Today’s flower is a small vase of sweet peas and it is a signal of the way that the year has gone that these are the first sweet peas to be cut this year.
This is mostly to do with the dratted sparrows who have a voracious appetite for both sweet and edible peas. The crop has been threadbare. If I could find the chap who keeps hanging out food for the birds in my garden, I’d give him a good talking to.
However, since people keep on talking about the increasing shortage of garden sparrows, I suppose in that, in the end, a sacrifice of peas and sweet peas is probably compensated for by the hundreds of sparrows that are always evident at Wauchope Cottage.
Although still not cycling, I was delighted this morning to be visited by Dropscone himself who had been round the usual run and dropped in to have a cup or two of Ecuadoran coffee. We will get out together again soon.
I did my stint in the tourist office this afternoon and was overrun by a grand total of two tourists. I was worn out.
In the evening I had my customary tootle accompanied by Mrs Tinker at the electric harpsichord and this is always most enjoyable.
I am still stuck at home with my knee but it is improving and I hope to be able to make a small expedition by the weekend. All this means that I have plenty of time for sitting in front of the computer and playing (though I did nip out and mow the lawns). I have spent a good deal of time putting some work in on the video recording my brother-in-law took at the wedding. It is pretty good work and you would never know that he has only had the camera a very short time. Copies of the final effort will be available to anyone who wants in the course of time.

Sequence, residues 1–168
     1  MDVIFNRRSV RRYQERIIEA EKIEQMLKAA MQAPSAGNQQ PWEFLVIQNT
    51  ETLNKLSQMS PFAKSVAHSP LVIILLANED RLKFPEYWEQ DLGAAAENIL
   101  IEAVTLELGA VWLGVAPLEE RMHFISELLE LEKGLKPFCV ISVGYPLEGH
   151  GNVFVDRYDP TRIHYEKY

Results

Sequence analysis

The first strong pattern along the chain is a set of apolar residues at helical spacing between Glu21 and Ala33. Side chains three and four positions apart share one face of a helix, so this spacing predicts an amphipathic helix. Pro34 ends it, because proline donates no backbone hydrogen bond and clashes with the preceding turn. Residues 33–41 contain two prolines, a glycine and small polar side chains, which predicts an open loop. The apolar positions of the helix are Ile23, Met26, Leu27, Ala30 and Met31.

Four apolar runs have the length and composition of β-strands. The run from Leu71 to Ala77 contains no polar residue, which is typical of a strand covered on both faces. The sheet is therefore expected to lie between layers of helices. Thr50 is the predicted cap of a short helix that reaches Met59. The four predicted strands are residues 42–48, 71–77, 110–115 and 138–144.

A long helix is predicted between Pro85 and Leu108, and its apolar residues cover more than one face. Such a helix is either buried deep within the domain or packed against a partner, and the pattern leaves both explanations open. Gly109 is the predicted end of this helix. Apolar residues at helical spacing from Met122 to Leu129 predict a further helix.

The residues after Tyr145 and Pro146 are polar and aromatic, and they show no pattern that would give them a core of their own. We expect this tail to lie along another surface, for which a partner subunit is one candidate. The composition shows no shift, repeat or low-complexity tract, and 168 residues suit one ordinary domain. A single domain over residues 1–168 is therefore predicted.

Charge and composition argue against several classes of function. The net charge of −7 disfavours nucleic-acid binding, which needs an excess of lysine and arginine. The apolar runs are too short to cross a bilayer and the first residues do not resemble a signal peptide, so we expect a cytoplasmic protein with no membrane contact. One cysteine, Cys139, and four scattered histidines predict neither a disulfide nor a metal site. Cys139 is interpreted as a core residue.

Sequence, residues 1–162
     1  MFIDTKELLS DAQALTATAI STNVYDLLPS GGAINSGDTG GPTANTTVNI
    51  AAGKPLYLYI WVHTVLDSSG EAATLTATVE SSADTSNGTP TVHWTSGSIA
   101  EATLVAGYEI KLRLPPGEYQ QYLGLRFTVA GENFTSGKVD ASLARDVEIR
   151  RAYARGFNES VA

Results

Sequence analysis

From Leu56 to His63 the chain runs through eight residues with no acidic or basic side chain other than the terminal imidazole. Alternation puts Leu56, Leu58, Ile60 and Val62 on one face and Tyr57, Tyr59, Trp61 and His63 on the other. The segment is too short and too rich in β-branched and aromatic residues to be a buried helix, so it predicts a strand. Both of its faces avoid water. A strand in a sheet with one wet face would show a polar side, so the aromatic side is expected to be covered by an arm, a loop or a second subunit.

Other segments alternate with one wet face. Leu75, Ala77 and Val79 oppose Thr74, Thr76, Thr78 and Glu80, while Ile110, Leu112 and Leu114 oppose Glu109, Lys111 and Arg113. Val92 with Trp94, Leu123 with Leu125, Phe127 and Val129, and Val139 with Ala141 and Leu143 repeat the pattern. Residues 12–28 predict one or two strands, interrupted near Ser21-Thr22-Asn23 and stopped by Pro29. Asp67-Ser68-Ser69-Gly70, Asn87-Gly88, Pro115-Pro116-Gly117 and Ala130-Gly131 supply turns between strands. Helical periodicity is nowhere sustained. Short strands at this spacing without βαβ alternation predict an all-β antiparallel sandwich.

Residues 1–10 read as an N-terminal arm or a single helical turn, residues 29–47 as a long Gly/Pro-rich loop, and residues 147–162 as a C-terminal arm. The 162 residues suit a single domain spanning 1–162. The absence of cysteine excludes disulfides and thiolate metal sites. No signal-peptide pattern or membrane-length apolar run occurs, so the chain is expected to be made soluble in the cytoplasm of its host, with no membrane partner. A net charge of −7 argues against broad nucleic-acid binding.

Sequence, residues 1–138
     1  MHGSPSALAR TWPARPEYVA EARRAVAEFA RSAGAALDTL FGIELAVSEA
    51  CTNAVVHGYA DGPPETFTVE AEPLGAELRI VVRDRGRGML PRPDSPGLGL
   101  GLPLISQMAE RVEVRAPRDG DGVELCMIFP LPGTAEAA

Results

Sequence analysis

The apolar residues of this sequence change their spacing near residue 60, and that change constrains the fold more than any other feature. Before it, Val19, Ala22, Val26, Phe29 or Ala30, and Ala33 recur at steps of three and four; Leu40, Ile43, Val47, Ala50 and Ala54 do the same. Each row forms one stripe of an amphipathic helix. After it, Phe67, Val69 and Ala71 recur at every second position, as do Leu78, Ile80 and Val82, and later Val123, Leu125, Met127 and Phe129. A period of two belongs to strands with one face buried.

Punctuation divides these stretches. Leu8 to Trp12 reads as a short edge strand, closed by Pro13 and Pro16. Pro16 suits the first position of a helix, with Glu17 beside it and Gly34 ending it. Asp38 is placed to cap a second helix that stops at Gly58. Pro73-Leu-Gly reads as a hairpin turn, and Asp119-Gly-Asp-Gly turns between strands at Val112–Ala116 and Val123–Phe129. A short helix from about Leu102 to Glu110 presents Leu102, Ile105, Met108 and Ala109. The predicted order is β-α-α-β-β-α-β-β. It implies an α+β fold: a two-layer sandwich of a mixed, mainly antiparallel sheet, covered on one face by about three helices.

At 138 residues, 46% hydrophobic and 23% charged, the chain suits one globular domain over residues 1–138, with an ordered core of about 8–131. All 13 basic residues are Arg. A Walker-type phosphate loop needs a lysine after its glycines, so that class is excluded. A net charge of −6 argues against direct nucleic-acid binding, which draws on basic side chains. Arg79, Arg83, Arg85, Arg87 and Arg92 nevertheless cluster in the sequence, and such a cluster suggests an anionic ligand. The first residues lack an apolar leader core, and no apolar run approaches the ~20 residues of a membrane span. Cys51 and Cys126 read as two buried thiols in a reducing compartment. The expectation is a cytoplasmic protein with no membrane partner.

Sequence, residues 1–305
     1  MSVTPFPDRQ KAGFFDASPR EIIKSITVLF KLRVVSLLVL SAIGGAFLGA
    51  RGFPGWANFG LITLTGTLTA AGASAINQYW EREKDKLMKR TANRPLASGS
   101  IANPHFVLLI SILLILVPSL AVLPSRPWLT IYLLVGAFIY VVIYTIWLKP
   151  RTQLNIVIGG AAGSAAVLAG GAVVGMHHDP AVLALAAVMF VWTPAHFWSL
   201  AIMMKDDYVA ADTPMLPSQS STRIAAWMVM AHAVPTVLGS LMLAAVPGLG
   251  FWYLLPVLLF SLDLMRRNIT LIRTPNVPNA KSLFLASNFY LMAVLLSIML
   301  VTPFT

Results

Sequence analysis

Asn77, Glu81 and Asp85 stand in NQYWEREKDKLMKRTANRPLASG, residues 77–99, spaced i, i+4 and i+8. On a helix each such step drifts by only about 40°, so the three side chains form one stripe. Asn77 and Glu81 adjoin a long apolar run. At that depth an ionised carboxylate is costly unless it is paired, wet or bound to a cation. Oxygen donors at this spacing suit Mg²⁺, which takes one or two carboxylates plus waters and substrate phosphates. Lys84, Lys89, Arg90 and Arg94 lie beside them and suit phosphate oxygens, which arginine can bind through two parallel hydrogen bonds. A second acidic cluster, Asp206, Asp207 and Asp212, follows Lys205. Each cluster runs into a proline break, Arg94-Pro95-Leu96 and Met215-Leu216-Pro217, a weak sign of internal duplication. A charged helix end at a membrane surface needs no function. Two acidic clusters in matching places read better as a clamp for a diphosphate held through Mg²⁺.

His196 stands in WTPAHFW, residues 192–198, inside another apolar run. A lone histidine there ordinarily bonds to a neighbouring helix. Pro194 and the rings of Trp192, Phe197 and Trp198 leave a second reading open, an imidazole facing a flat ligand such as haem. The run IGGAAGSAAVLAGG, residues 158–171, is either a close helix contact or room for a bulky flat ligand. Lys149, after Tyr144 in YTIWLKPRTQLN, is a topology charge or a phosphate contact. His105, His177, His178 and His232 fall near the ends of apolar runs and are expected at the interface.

In the afternoon we had a late enquiry for B&B from a father and daughter who are going to do some walking round Langholm. Mrs Tootlepedal had been in Dumfries at a NHS public meeting and got back to discover this. She then had to go out to water the hanging baskets (by herself because her watering partner is away) and buy the breakfast for the B&Bs. She knows all about the Big Society. It’s hard work. She also learnt that she has become a great aunt. This is joyful but hard to bear at the same time.
I stayed in to meet the visitors as they came in and spent some time cloud watching. There were some rather strange wispy clopuds about so I hurried in to get my camera but by the time I came out they had all disappeared except this one which was not as interesting as the ones that got away.
They were probably remains of this which I shot at the same time. Some days our sky is simply covered with vapour trails. The only day we got really clear blue skies was ironically when the flying had to stop because of the volcanic ash.
One of our visitors gave us a present of a pound of raspberries he had picked on his way down from Edinburgh so while Mrs Tootlepedal was out watering, I made them into jam and Mrs Tootlepedal will offer them raspberry jam for breakfast and they can have a little pot to take away if they wish. It made a delicious raspberry sauce for my evening treat of ice cream.
Finally, I caught another glimpse of some wispy clouds as the sun went down. It was still in the garden but it must have been quite breezy up there. We are hoping for a glimpse of the northern lights tonight.
After taking enormous numbers of pills, the leg has improved a good deal, going from bright red to a rather fetching yellow. I am hoping for continued improvement tomorrow.
It was a quiet day today as I was banned from exercise and Mrs Tootlepedal was away at Hoddam with the driving for the disabled. I sawed a few logs and admired the vegetable garden.
In spite of early worries about lack of fertilisation of the bean flowers, things have come on well and we had our first runner beans for supper today.
Onions always seem to do well under Mrs Tootlepedal’s care, and this year is no exception. We have only had to buy one set of onions for cooking between ending eating last year’s crop, which overwinters hanging in the garage, and starting this year’s.